As Einstein is quoted as quoting ‘Only two things are infinite, man’s stupidity and the universe, and I’m not so sure about the latter’

We of course are becoming just as guilty and for similar short-sighted imperatives. Indeed we may have been guiltier earlier than many others to set the example for them to follow. Incredibly (certainly to the younger set) stamp duty used to actually be stamp duty, i.e. a cost set to defray the cost of stamping documents.

In has today become such an addictive cash cow behemoth and governments so hooked on it, they have no hope of ever weaning themselves off it, this despite them all seeing clearly the harm the drug is doing.

Enough of the stupidity of government. Peering into the turbid, select global property market waters in alphabetical order,CANADA (particularly out west) will continue to pay for its recent punitive property tax grab stupidity this year and beyond, where ‘jingle mail’, the act of handing back the keys and walking away from property has already arrived as a consequence; CHINA’s recent capital flow restriction inspired in country price spurt will lose momentum this year and depending on how Xi Xingping’s decision to stay in power indefinitely play out, could well see it go into reverse; helped somewhat by Brexit, FRANCE as one of the more stable countries of the EU (which speaks volumes of the rest) should continue its recovery from the substantial property price falls of the first half of the decade, GERMANY as the country that gets the most out of the EU alliance will also likely fare best from Brexit which should see property prices at least hold if not firm, particularly in Frankfurt as favourite to replace London as Europe’s financial capital; HONG KONG given it is easier for the mainland Chinese to repatriate money there should get to enjoy a good year (unless things calm down in China politically which is not likely); INDIA’s 5 year flatline market will continue flat; JAPAN will have another solid year despite ZPG; NZ will this year pay a high price for it’s ill-conceived (moronic) ban on foreign investors; the PIIGS overall will underperform thanks largely to the 25% depreciation in the Pound, brits in the past being key buyers; SINGAPOREshould continue to come out of its half decade long slump; SOUTH AFRICA will continue its strategic decline with no light at the end of any tunnel anywhere; SWITZERLAND‘s safe haven status will continue to lure nervous investors, particularly those from elsewhere in Europe; to the south last year’s broad price falls in the UAE will probably continue or even gather pace in tandem with rising regional tensions; the UK no surprise faces a very tough year(s) ahead; and finally the US will continue its long road back from it’s Sub Prime, Bear Stearns et al inspired lost decade. 



~ The RBA rightly chooses not to follow the US lead in raising our benchmark interest rate
~ A dollar that if we don’t raise rates will fall further against the USD to make our property and visiting here cheaper
~ Staying current levels of housing affordability will greatly benefit the coming cyclical migration north to Brisbane 


~ A federal government continuing bound, gagged and seemingly on life support 
~ APRA seeing fit to flex its unqualified muscles again in the property market


~ The Trade War between China and the US we flagged as likely last year and now formally underway widening
~ Australia getting clobbered for taking one side or the other, for not taking sides, or for trying to be a double agent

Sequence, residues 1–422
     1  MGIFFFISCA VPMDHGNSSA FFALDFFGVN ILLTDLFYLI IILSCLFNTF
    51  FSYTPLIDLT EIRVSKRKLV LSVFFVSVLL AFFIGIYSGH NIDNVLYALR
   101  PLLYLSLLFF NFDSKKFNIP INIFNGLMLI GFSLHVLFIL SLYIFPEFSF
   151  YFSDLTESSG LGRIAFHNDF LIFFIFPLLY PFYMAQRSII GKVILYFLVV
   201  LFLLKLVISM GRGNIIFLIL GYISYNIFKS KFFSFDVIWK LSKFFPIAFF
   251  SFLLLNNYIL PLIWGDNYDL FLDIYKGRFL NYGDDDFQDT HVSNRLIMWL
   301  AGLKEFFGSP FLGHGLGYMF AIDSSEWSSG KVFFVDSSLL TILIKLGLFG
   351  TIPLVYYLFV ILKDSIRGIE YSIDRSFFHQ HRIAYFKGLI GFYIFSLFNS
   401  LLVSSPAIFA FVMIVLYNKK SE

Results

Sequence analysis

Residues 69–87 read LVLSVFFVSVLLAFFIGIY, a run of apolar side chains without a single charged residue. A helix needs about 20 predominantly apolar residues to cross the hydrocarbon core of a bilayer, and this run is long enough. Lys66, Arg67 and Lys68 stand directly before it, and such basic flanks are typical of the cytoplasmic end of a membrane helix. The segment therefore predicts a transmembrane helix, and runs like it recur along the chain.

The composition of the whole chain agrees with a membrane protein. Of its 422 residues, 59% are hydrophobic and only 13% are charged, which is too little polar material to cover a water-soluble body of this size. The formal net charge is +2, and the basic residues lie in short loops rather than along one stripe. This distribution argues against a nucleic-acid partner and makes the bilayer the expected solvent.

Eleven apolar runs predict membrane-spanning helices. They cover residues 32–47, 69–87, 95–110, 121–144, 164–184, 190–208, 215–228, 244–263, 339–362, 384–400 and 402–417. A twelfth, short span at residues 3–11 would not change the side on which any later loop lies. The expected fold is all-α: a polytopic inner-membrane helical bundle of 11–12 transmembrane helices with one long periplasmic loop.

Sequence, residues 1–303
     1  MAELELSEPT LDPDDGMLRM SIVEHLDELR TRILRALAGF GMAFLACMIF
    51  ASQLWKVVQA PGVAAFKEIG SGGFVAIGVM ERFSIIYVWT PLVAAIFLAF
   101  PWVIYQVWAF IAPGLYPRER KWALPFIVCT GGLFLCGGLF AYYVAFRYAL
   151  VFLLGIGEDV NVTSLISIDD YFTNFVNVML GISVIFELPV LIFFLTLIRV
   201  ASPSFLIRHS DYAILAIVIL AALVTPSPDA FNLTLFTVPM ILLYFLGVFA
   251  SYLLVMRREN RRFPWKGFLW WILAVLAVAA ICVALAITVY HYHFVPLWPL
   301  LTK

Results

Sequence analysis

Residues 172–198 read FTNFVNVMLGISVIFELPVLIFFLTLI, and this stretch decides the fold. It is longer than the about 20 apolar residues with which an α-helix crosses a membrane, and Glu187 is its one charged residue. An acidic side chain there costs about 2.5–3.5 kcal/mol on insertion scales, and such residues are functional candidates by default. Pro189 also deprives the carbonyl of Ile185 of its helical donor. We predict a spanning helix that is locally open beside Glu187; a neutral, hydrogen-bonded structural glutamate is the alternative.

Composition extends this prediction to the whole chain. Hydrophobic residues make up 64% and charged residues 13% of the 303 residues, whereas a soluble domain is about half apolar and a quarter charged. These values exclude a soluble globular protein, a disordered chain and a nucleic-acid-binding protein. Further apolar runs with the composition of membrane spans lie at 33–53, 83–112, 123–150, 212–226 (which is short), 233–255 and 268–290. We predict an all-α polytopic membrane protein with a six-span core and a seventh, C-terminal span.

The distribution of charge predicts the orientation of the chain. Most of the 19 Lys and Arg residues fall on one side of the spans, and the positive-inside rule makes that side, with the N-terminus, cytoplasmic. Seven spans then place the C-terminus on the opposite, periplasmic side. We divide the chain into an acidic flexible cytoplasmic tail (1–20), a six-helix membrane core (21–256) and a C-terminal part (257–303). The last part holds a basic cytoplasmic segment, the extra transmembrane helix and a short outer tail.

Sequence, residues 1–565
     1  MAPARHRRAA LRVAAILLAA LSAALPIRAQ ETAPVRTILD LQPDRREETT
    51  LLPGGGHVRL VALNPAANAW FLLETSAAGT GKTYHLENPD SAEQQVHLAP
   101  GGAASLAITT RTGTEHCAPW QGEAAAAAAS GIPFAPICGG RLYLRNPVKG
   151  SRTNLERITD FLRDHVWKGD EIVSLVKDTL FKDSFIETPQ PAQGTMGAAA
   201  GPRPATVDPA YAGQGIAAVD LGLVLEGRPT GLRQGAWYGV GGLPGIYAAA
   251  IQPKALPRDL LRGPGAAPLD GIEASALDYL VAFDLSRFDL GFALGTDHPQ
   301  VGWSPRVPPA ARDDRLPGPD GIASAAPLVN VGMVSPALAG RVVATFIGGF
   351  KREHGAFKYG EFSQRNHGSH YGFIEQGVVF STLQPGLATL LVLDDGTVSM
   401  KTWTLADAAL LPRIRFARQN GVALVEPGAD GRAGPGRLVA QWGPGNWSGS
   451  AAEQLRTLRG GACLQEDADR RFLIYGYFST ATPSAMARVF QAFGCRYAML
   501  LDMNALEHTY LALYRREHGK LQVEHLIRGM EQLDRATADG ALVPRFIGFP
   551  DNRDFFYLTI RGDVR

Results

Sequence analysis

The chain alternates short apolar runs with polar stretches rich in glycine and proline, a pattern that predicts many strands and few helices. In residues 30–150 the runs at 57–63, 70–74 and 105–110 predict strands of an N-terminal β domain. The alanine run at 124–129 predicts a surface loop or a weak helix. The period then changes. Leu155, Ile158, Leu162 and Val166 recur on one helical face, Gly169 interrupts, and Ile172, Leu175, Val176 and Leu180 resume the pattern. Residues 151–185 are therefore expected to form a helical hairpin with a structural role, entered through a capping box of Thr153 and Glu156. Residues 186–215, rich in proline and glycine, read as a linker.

THE UNKNOWN (or Good Luck – Bad Luck – Who Knows File)

~ EU and UK beyond Brexit
~ China and the yuan beyond Xi Xinping’s deification
~ The end game of global 0% Interest Rates + Low to Negative Birth Rates + Money Printing + Runaway Debt


~ The great buyer migration north happens soon (this year)
~ Company taxes come down to where we can again compete globally


~ An early federal election called here at home
~ The great buyer migration north stalls again
~ Banks call in their loans on investment apartments


~ Genuine inflation and corresponding need for interest rate rises in Australia


Trump (still) | Russia (always) | Investment Apartment Market Implosion


Brisbane’s quality residential leasing sector will firm this year for both houses and for apartments, though less so for the latter given it will be a little held back by the negative flow-on effects of the massive price discounting developers had adopted lower down the market in order to try and find tenants for their many unsold or unsettled apartments.

Expected to rebound particularly well after a number of years in the woods is the corporate leasing sector given burgeoning demand from a renewed tourism boom and a recovering resources sector.

Not dissimilar to what is happening in the sales sector, we expect the recovery to be pushed from the bottom up (in price) and from the inside out (from the CBD). 

In tandem with the nascent recovery in Brisbane’s higher end property prices we can also expect that there will be a diminished availability of stock at the upper end of the leasing market as those people who previously leased when they couldn’t sell are again tempted to sell, an inference we expect to be most poignant across houses.




Like it or not, we now ride squarely on China’s back.

We need China more than we need anyone else and sadly, much more than they need us, we being only a market of 25 million people and less than 1/3 the size of their largest trading partner which it may surprise many to know, is Europe, and not the US.

Where it was once England, then the US, then Japan, then Asia collectively we depended upon for our ongoing prosperity, it is now unequivocally China.

And our dependence is broadranging, indeed increasingly almost universal across the many key sectors of our economy. The Chinese are today either our number 1 or at least 2 or 3 customer for our resources, our agriculture, foodstuffs, beverages, tourism, and latterly of course, our landed property of all descriptions.

Which makes the times we live in all the more interesting.

Whether or not he is in reality a vindictive man, indeed we think he is not which is why he succeeded in business, Trump the politician is right now desperate to land some punches from his many airswings and given the political climate, he thinks China might be his best sparring partner, with its (not) recent military expansions in the South China Sea the reason to pick the fight. We say not recent because they have had bases in the disputed islands for nearly 40 years.

If in trying to improve his image at home he lands a solid blow against the Chinese abroad, just how we can avoid becoming TKO’ed in the mix is worth giving some thought to.


Wishing you all the best in 2018 and beyond

Best Regards,
John Johnston